Abstract: Community, Attachment, Structures and the Epidemic maps some of the changes in gay men's experience and conceptualisation of community that have occurred during the AIDS epidemic. Social identity theory has been employed to investigate the social-psychological aspects of gay identity at personal, social and community levels. The study compares three generations of gay men in Melbourne; pre- peri- and post-AIDS. As a starting point, the study employed focus groups to explore basic conceptions of gay community. In the first of two major data collection phases, 32 gay men between the ages of 18 and 40 participated in semistructured interviews of between 45 minutes and one and a half hours. The interviews explored the men's social networks, past and present relationship to the commercial gay scene, feelings about gay organisations businesses, neighbourhoods, entertainment, aesthetics, the way they see other gay people, their thoughts about the impact of AIDS on gay communities and their aspirations for gay communities. The second phase of data collection utilised a questionnaire developed from the analysis of the interviews. The 55 item questionnaire covered demographic information, coming out history, initial experiences of the gay world, friendship networks, feelings about the institutions, people and conceptual elements of gay community, items concerning practices of gay community, the community attachment subscale from the SAPA study and items on HIV/AIDS. The questionnaire was completed by 432 gay men, 207 recruited at the Midsumma carnival, an annual gay and lesbian event in Melbourne and 225 through the mailing list of the Victorian AIDS Council. Analysis of the questionnaire data uncovered a complex constellation of difference in the conceptualisation and experience of gay community between the groups, particularly with regard to the content and boundaries of the category 'gay community'. The research challenges practice based models of gay community attachment and proposes a more dynamic, fluid and multi-dimensional conceptualisation of gay social identity.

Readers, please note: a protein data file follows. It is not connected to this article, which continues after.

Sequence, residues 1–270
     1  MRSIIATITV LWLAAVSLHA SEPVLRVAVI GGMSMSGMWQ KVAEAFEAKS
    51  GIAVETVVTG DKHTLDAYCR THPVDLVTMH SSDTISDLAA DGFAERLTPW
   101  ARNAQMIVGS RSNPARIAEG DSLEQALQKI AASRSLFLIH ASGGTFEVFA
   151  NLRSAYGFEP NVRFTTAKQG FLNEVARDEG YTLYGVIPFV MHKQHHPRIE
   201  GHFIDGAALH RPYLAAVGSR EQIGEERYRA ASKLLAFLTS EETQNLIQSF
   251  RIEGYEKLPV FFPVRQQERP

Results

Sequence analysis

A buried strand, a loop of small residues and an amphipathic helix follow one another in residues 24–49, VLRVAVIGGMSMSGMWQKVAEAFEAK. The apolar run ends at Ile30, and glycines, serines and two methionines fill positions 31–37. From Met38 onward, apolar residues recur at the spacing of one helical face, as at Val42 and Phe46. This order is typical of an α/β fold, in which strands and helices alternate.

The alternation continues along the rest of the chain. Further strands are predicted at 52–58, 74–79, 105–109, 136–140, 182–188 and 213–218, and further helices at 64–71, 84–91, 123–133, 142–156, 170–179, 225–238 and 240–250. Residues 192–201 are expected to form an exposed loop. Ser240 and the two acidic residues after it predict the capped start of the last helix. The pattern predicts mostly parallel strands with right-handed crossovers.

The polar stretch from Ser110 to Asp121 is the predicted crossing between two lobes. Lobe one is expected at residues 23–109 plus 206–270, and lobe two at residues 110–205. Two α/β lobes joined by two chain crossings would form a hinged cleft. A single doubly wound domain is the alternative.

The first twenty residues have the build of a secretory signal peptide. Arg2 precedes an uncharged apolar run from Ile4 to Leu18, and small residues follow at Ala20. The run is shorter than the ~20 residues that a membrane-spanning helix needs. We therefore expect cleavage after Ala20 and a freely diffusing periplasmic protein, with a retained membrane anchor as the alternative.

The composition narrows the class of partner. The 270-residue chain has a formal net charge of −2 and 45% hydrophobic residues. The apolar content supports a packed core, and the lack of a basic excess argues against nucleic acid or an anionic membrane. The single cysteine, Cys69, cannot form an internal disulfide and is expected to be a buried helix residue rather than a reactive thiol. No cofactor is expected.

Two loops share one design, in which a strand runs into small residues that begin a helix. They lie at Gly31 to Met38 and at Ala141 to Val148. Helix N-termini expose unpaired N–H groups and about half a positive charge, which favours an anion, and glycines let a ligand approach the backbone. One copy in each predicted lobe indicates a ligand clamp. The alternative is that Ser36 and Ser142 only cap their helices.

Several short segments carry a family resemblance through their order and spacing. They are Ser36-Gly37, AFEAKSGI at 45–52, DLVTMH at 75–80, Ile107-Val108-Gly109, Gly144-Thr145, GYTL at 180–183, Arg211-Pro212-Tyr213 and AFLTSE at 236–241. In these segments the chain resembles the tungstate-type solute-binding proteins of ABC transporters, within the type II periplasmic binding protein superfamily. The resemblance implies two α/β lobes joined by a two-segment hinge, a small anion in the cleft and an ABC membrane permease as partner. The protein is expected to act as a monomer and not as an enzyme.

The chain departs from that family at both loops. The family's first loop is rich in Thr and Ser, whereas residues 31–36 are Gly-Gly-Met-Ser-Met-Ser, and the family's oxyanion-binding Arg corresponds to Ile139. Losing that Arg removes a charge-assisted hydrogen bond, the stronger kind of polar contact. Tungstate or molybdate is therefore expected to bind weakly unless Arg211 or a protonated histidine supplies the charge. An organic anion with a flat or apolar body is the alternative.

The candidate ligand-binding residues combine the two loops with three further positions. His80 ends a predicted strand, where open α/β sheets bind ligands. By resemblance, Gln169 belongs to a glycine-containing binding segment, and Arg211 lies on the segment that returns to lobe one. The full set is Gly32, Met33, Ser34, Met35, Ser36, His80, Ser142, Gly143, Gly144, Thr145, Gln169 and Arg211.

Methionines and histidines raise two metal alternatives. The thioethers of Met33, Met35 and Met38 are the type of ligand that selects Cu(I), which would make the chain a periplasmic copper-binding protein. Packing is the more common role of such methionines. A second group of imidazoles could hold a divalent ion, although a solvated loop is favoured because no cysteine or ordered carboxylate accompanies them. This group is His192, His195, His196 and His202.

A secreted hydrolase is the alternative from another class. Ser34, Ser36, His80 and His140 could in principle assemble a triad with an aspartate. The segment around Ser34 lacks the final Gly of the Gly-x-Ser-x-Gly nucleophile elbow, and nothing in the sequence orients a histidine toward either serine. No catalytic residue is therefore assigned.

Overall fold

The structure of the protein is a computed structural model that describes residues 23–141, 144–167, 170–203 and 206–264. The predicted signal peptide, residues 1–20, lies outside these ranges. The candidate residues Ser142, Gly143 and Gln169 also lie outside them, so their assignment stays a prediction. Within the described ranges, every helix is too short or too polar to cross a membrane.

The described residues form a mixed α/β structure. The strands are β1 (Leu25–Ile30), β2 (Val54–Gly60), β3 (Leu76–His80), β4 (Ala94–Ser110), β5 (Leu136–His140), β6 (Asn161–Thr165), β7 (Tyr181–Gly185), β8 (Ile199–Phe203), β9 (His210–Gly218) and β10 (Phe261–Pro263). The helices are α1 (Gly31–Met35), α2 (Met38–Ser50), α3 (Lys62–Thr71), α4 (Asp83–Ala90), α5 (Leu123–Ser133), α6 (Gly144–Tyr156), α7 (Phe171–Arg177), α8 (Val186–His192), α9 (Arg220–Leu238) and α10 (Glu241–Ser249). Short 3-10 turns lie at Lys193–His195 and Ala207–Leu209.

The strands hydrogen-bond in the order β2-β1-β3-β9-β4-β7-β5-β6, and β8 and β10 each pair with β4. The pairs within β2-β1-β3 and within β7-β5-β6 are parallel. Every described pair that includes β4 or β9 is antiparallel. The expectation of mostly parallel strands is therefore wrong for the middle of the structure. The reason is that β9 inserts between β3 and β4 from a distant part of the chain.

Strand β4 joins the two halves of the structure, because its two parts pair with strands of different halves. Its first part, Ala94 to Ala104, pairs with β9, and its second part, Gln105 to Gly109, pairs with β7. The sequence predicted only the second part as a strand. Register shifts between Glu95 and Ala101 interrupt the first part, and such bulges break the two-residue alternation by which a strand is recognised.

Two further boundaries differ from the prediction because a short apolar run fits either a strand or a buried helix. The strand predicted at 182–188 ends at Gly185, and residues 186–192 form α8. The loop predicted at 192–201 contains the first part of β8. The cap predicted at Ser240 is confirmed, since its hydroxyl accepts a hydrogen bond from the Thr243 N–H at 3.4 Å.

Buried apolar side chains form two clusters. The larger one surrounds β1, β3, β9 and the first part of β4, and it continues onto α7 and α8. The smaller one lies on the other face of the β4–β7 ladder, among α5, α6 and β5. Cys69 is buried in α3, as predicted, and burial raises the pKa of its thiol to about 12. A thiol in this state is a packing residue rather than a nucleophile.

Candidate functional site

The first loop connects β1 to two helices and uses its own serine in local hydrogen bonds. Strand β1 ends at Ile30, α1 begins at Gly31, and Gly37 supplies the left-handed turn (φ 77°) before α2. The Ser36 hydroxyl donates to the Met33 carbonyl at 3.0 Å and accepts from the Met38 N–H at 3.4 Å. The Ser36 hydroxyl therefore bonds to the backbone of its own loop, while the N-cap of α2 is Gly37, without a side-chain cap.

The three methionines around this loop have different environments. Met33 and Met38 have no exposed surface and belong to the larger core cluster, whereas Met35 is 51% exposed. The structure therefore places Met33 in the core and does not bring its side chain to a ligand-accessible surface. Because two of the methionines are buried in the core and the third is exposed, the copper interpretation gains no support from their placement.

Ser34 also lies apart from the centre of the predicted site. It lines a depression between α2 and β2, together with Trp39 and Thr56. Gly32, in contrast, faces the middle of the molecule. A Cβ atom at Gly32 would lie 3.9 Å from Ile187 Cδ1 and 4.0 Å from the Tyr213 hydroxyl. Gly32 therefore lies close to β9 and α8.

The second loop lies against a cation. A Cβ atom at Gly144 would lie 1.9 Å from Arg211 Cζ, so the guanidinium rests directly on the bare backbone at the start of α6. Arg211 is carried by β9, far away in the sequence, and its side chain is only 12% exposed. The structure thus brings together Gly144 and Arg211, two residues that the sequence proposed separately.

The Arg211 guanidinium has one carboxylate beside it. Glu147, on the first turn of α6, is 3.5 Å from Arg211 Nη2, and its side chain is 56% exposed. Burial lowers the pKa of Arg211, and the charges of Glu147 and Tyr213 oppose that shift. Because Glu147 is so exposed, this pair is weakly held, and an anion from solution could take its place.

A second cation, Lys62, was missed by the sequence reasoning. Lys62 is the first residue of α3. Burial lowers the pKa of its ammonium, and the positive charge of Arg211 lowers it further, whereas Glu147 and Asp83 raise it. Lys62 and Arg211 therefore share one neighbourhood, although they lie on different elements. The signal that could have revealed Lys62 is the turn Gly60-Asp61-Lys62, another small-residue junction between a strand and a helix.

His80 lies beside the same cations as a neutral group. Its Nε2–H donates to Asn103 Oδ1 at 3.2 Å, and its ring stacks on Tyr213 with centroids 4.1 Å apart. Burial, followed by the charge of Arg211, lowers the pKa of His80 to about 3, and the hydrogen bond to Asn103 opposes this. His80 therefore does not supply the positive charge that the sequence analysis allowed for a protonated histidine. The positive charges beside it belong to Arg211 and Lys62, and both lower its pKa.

Thesis (Ph.D.) - La Trobe University, 1998.
Originally part of the Australasian Digital Theses (ADT) database.
Submission note: A thesis submitted in total fulfilment for the requirements for the degree of Doctor of Philosophy [to the Australian Research Centre in Sex, Health and Society], Faculty of Health Sciences, La Trobe University, Bundoora.
This thesis contained third party copyright material which has been removed. The thesis author retains all proprietary rights (such as copyright and patent rights) over all other content of this thesis, and has granted La Trobe University permission to reproduce and communicate this version of the thesis.